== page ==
Peter Gideon Farmhouse

Coordinates: 44°54′13″N 93°35′32″W / 44.90361°N 93.59222°W / 44.90361; -93.59222
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Peter Gideon Farmhouse
The Peter Gideon Farmhouse viewed from the south
Peter Gideon Farmhouse is located in Minnesota
Peter Gideon Farmhouse
Peter Gideon Farmhouse is located in the United States
Peter Gideon Farmhouse
Location24590 Glen Road, Shorewood, Minnesota
Coordinates44°54′13″N 93°35′32″W / 44.90361°N 93.59222°W / 44.90361; -93.59222
Architectural styleColonial Revival
NRHP reference No.74001019[1]
Added to NRHPSeptember 17, 1974

Peter Gideon (1820–1899) was a farmer near Excelsior, Minnesota, United States, who was responsible for breeding apples that could withstand Minnesota's climate. Gideon's farmhouse, now within the boundaries of Shorewood, Minnesota, is listed on the National Register of Historic Places.

Gideon moved to Minnesota in 1853, near Lake Minnetonka, and experimented with planting pear, plum, cherry, peach, and apple seeds. After ten years of experimentation, the harsh Minnesota winters had killed off all of his trees except for one seedling crab apple tree. Seeking advice from a well-known expert in the field, he started corresponding with apple expert Francis Peabody Sharp in Woodstock, New Brunswick, Canada who had employed new, successful methods of hybridization starting back in 1844 (see more here: Sharp instructed him on the proper methods for hybridizing apples and buying seeds for colder climates, specifically indicating Bangor, Maine as the place to buy the seeds (Bangor, ME is located directly over the border from Woodstock, Canada). Gideon never told anybody about corresponding with Sharp nor gave him any credit for his expert advice. Gideon, being a transcendentalist, just said "an invisible being" came to him in a dream and told him to get some Russian seeds from a company in Bangor, Maine. There is, however, written evidence of Sharp and Gideon corresponding about these matters. Therefore, thanks to the expert advice of Francis Peabody Sharp, he sent back to Bangor, Maine for seeds and scions, and continued his experiments by grafting a scion onto the crab apple tree. From this experiment, in 1868 he successfully selected a variety of apple that he named the "Wealthy", in honor of his wife.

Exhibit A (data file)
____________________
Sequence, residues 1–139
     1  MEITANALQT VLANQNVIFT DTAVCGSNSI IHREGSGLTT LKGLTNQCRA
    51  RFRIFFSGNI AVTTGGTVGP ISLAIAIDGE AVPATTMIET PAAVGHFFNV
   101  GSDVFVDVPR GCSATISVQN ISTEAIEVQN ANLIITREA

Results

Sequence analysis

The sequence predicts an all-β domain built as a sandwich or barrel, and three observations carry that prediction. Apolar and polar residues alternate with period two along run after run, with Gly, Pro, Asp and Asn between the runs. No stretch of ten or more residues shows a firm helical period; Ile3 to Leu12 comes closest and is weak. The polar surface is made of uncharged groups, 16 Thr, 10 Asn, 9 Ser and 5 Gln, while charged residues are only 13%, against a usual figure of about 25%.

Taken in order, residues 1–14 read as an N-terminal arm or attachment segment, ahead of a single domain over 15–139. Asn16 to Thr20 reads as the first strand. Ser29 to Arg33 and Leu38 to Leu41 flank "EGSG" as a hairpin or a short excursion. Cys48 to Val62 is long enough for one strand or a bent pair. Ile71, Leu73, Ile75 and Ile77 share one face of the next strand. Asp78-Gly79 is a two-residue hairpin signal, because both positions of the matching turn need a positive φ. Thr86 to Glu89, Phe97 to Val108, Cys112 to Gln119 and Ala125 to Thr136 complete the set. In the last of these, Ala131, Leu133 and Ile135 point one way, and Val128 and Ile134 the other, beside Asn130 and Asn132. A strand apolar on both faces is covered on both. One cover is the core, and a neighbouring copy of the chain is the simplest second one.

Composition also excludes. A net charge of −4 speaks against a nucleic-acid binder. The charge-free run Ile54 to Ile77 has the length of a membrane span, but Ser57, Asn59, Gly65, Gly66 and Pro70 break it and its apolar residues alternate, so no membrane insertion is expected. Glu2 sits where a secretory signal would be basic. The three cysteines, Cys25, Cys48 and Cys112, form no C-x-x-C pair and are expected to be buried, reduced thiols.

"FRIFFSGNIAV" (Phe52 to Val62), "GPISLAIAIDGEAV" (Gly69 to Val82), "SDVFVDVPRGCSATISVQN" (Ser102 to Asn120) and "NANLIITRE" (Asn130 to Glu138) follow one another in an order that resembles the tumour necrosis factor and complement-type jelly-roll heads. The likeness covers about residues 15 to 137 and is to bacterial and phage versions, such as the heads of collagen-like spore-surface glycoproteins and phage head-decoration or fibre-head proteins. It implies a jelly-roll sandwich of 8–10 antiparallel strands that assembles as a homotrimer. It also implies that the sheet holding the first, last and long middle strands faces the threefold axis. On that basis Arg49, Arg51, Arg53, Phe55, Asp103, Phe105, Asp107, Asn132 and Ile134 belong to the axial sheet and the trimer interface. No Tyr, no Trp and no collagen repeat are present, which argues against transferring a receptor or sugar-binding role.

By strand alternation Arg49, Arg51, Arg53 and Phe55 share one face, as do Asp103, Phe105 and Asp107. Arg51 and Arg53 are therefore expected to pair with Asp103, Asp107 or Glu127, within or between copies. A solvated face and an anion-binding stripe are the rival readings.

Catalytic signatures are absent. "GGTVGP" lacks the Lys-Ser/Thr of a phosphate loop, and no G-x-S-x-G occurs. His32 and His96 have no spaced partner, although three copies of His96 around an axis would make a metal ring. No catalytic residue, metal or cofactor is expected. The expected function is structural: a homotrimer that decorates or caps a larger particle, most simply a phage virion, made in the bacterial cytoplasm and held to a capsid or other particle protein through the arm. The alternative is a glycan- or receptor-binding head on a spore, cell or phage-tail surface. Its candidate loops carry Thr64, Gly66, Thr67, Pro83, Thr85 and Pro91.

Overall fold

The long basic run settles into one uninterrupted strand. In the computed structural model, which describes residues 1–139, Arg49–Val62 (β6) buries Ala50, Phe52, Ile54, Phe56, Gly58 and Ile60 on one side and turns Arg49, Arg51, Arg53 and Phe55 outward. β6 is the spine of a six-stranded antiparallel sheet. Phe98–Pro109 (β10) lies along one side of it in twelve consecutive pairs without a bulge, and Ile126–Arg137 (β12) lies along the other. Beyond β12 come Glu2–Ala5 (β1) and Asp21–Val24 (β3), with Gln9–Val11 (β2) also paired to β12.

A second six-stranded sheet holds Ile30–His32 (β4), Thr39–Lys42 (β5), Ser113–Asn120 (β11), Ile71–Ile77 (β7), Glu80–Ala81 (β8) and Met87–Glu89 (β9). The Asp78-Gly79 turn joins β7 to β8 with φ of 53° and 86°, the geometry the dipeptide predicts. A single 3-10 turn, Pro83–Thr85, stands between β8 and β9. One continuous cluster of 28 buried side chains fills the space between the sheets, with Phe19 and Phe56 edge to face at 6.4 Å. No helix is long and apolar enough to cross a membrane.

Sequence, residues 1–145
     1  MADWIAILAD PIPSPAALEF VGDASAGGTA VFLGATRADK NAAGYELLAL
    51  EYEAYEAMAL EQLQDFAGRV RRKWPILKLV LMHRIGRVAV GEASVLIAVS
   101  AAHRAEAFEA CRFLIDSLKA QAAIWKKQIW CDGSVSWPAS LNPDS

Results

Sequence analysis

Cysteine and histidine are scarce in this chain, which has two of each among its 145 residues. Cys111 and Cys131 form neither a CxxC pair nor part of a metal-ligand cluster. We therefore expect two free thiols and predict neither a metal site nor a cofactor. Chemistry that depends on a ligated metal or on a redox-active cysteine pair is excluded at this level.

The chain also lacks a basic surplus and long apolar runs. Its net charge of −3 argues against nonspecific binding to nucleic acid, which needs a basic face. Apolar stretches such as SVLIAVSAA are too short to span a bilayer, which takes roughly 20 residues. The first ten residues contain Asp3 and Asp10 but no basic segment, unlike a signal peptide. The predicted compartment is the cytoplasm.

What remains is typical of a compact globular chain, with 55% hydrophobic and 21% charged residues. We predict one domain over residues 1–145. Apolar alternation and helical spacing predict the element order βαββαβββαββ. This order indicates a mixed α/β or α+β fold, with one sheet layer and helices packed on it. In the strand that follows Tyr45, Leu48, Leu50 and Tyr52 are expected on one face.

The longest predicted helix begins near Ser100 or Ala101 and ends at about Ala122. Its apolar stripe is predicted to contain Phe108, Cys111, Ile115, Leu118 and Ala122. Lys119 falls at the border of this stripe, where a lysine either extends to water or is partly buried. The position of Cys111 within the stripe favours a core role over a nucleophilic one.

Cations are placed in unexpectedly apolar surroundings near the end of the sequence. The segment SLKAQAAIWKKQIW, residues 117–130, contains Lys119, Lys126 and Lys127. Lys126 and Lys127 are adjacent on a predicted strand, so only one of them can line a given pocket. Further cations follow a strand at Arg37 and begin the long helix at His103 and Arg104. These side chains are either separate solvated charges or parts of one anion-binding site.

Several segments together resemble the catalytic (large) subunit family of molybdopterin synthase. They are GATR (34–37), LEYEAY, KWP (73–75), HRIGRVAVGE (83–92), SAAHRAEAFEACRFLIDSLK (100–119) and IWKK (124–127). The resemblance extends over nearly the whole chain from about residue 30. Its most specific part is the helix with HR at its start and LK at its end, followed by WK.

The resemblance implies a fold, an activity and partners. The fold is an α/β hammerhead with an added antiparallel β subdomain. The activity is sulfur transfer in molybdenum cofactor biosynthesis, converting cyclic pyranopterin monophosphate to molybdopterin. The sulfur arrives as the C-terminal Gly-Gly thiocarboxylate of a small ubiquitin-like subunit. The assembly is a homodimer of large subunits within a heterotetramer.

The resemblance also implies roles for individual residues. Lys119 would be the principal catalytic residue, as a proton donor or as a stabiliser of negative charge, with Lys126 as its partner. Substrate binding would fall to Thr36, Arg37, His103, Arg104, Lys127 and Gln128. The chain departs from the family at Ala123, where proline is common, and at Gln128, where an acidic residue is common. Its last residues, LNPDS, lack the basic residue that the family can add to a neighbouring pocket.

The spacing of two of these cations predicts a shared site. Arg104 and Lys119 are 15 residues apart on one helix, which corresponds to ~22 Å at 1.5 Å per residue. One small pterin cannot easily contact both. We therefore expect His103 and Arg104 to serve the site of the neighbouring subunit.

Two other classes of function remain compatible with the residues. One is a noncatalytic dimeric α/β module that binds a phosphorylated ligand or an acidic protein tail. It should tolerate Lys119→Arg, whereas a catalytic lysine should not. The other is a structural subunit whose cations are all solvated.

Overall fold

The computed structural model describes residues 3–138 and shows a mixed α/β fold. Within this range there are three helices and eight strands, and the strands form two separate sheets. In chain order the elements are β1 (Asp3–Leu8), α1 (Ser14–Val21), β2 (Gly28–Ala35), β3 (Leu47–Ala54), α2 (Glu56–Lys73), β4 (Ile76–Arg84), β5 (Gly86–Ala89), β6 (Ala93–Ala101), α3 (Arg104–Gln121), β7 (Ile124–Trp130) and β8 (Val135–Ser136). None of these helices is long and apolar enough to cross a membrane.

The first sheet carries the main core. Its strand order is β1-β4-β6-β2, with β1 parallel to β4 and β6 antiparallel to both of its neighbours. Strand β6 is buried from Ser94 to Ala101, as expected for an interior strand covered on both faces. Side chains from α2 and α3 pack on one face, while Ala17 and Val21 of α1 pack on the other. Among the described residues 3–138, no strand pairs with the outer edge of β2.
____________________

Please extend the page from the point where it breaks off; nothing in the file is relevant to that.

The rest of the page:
Peter Gideon. Portrait in the collection of the Minnesota Historical Society

In March 1878, Minnesota established a State Experimental Fruit Farm by act of the Legislature which Gideon ran for eleven years, planting many thousands of apple trees and distributing his best seeds across the state. He had been experimenting unsuccessfully with breeding apples for the colder Minnesota climate. This is what led him to seek out the expertise and advice of Francis Peabody Sharp's on how to grow his fruits in Minnesota, using Russian seeds and using new Sharp's new techniques of hybridization. [1]

The state farm was located near Gideon's land on Lake Minnetonka, under the jurisdiction of the University of Minnesota. When the farm closed in February 1889 due to conflicts with the University, Gideon lost his job.[2] Gideon later became the first superintendent of a University of Minnesota agricultural experiment station established in 1878. The station was abandoned in 1889, when he retired, but in 1907 the Minnesota Legislature established a fruit breeding farm between Excelsior and Chaska. The fruit breeding farm later became the Horticultural Research Center, which is now part of the Minnesota Landscape Arboretum.[3] The center later developed the Haralson apple, introduced in 1922. The Wealthy apple is genetically related to the Haralson, though it took DNA testing to rediscover this fact after extensive hybridization.[4]

See also[edit]


  1. ^ "National Register Information System". National Register of Historic Places. National Park Service. January 23, 2007.
  2. ^ Molly Huber (June 6, 2011). "Wealthy Apple". MNopedia. Minnesota Historical Society. Retrieved May 6, 2012.
  3. ^ "Fruit Breeding". Minnesota Landscape Arboretum. Retrieved March 10, 2008.
  4. ^ "Minnesota Harvest – Apple Varieties". Archived from the original on June 23, 2006. Retrieved March 10, 2008.